Over 100 colleagues at Zurich North America have completed the certification, some in honor of a loved one who has experienced mental health challenges.
When Nicole Golliday brought up the possibility of offering Mental Health First Aid training to Zurich North America employees last year, she wasn’t sure how many colleagues would choose to make the time investment. It isn’t a simple one-hour webinar. Earning the certification requires six hours in an interactive virtual training course and two hours of pre-work.
To her surprise, in the months since, over 100 colleagues have signed up and completed the certification to become Mental Health First Aid champions. “Interest definitely exceeded my expectations,” said Golliday, who works in Human Resources Employee Relations and is Chair of Zurich North America’s AbilitieZ employee resource group, which works to raise awareness around people with disabilities and foster inclusion.
The positive response to the training reflects a growing recognition of just how common mental health challenges are, with an impact that is felt in the workplace. Studies tell part of the story. It is estimated that:
- In the United States, one in five adults experience a mental health challenge each year.
- As many as 200 million workdays are lost each year globally due to absences related to mental health issues.
- 10.8 million full-time workers have a substance use disorder.
Personal experience shows how devastating mental health challenges can be. Golliday lost her brother to suicide when he was 49. Such experiences are not rare. One in four families globally has at least one member with a mental illness, according to the World Health Organization.
The pandemic created or heightened mental health challenges for many, and the shutdown extended longer than anybody anticipated, said Kristin Bajorat, Director of Wellbeing at Zurich North America, who talked about the impact in a recent Future of Risk podcast.
“There were much broader emotional and social tolls as a result, including isolation, additional stress if you had kids at home and you were trying to manage schooling and work, or had an elderly parent who you could no longer see or needed help,” Bajorat said. “And then there were the financial implications of furloughs, job losses, etc. And if it didn't happen to you, it could have happened to a family member who you maybe were stepping in to support financially.”
One silver lining from the pandemic
While one recent study found that less than 10% of employees feel their workplace is free of stigmas about mental health, Bajorat says one silver lining from the pandemic is that it has helped ease that stigma. During Mental Health Awareness Month in May, Zurich hosted a panel discussion with a psychiatrist and a few employees who shared their experiences with mental health challenges.
“We, as an insurance company, but also companies as a whole, were really conservative about talking about mental health in the past,” Bajorat said. “Having these conversations is a way to open things up and understand that if you are struggling or going through something, you're not going through it alone.”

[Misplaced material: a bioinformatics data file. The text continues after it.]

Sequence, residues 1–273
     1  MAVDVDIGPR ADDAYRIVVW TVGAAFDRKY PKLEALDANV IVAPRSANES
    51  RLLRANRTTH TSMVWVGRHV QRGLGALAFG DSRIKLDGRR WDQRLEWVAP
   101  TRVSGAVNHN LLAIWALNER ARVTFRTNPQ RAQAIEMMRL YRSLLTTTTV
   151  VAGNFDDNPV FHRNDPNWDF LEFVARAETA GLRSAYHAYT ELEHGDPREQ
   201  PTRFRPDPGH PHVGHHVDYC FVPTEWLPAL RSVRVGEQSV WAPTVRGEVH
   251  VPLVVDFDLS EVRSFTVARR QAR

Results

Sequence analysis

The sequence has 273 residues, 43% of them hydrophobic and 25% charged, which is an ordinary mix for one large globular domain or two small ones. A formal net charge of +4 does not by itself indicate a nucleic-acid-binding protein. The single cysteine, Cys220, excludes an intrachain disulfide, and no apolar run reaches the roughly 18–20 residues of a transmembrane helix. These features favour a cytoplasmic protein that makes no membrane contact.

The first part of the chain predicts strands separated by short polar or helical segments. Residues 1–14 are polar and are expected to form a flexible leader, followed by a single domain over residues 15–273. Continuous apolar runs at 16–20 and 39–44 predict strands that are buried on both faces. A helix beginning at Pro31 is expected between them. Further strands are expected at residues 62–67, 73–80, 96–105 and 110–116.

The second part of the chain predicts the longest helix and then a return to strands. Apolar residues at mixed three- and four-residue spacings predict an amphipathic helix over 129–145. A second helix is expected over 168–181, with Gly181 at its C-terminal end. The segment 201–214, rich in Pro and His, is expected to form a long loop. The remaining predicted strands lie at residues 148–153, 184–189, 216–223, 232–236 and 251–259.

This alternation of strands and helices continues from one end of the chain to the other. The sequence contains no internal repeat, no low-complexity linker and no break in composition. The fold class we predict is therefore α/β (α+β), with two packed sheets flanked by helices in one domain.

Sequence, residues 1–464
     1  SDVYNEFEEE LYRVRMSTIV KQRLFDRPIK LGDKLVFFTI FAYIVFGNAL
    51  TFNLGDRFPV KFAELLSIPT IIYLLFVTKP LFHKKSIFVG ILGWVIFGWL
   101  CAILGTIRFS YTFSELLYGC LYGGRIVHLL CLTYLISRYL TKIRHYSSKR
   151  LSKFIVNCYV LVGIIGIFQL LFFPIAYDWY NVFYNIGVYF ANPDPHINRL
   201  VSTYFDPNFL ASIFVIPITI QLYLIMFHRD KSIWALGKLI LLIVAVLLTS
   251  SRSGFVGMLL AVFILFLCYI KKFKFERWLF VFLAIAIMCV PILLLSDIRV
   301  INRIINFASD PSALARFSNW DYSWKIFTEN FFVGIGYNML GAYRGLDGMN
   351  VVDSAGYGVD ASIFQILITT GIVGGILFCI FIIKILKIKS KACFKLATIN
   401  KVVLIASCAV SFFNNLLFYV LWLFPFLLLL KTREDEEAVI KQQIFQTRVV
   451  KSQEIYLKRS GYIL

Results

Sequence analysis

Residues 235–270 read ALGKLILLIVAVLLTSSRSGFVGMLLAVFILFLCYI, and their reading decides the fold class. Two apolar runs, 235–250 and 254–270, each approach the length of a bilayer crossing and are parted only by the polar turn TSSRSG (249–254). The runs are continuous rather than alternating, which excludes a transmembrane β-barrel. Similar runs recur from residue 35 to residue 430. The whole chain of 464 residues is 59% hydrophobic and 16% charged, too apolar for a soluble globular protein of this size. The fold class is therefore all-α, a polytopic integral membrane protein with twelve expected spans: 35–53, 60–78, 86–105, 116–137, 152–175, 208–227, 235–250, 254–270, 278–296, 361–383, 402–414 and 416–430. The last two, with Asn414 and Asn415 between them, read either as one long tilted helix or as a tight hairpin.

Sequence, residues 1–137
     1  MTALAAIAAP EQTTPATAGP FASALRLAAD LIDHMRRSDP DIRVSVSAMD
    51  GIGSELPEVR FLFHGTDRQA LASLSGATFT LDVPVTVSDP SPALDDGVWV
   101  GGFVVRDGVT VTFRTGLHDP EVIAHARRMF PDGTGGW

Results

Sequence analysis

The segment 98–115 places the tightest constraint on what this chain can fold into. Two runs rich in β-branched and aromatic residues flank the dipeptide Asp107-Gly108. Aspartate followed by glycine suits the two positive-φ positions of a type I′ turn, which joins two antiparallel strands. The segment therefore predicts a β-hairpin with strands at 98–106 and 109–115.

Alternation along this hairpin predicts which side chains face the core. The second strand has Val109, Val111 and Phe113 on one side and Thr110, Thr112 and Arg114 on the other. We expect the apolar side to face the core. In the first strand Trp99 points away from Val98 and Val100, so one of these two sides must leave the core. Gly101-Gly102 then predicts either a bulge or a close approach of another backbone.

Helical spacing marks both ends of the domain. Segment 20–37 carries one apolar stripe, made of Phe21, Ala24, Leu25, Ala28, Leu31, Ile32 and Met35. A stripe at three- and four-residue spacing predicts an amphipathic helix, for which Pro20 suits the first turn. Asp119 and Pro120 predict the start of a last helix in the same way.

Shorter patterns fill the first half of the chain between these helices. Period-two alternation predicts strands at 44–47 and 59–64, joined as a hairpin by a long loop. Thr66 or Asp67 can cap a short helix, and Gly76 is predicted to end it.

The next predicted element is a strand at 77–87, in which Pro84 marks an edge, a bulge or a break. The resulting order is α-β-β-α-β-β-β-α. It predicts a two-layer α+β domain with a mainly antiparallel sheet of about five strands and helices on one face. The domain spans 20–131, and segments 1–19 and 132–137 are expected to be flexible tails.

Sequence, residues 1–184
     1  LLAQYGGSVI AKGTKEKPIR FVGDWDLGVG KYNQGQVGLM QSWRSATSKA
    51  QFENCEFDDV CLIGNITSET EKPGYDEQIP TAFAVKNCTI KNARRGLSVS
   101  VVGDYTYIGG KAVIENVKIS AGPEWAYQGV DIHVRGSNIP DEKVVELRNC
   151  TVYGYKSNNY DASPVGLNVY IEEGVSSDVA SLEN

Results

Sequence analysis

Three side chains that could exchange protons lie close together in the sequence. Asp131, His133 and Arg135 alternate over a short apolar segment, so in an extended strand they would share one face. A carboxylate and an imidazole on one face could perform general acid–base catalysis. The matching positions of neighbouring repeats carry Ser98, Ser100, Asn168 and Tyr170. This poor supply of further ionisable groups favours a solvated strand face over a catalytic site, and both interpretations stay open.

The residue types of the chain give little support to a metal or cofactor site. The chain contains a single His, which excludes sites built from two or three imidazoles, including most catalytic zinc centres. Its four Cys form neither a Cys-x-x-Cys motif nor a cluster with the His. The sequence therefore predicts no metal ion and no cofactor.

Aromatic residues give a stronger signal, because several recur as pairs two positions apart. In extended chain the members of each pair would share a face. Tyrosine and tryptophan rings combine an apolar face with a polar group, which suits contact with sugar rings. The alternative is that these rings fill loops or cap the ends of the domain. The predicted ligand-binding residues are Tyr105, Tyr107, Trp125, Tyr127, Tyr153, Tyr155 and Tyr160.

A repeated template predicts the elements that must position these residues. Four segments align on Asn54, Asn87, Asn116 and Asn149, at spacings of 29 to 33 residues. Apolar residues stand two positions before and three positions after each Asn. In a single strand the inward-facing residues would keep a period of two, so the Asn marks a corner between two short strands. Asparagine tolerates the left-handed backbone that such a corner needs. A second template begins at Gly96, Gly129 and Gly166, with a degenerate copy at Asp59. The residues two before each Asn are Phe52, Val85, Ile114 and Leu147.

Mental Health First Aid training teaches how to recognize and approach a colleague, family member, friend or other individual who may be experiencing a mental health or substance use challenge or crisis. Those who are certified do not attempt to diagnose, treat or counsel individuals; they listen nonjudgmentally and then connect the individual with appropriate resources to help.
Among the supports available to Zurich employees and dependents are six free counseling sessions per issue per year through Zurich’s Employee Assistance Program. Employees don’t have to be enrolled in a Zurich-sponsored medical plan to use this benefit.
“I’ve used my training to help several employees
who were experiencing mild to very severe issues.”
Golliday says she has applied what she learned as a Mental Health First Aid champion over the past year.
“I’ve used my training to help several employees who were experiencing mild to very severe issues,” Golliday shared in an article for Zurich Insurance Group’s magazine. “I don’t diagnose or tell people what to do. I just listen, offer support, and help employees find a resource or solution for their situation.”
Completion of the course earns the participant a three-year certification as a Mental Health First Aid Champion. Champions at Zurich are added to a Mental Health First Aid Champion Directory on the company’s intranet site, accessible to all employees who can reach out if they need help.
Golliday says the goals of offering the training include increasing awareness around mental health challenges, helping to reduce the stigma associated with getting help, and increasing the likelihood that an individual struggling with a mental health challenge will seek out support.
AbilitieZ Executive sponsor Tracy Lampert, who is Head of Employee Experience and Culture at Zurich North America, saw the value in offering the Mental Health First Aid training.
“The pandemic showed how important it is for us to elevate mental health awareness,” Lampert said. “We saw that our colleagues and workplace relationships can play a very important role in supporting our people’s wellbeing and helping people get help when needed.”